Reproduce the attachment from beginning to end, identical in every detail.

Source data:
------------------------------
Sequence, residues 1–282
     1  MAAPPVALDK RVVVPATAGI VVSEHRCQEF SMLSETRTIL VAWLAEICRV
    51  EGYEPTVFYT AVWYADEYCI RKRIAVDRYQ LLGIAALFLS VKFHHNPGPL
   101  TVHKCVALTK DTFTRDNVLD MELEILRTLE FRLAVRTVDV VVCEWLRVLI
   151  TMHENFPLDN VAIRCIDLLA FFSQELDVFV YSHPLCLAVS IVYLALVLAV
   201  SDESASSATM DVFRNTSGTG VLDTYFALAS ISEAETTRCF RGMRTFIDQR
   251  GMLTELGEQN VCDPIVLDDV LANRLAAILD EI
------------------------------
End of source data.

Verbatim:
Sequence, residues 1–282
     1  MAAPPVALDK RVVVPATAGI VVSEHRCQEF SMLSETRTIL VAWLAEICRV
    51  EGYEPTVFYT AVWYADEYCI RKRIAVDRYQ LLGIAALFLS VKFHHNPGPL
   101  TVHKCVALTK DTFTRDNVLD MELEILRTLE FRLAVRTVDV VVCEWLRVLI
   151  TMHENFPLDN VAIRCIDLLA FFSQELDVFV YSHPLCLAVS IVYLALVLAV
   201  SDESASSATM DVFRNTSGTG VLDTYFALAS ISEAETTRCF RGMRTFIDQR
   251  GMLTELGEQN VCDPIVLDDV LANRLAAILD EI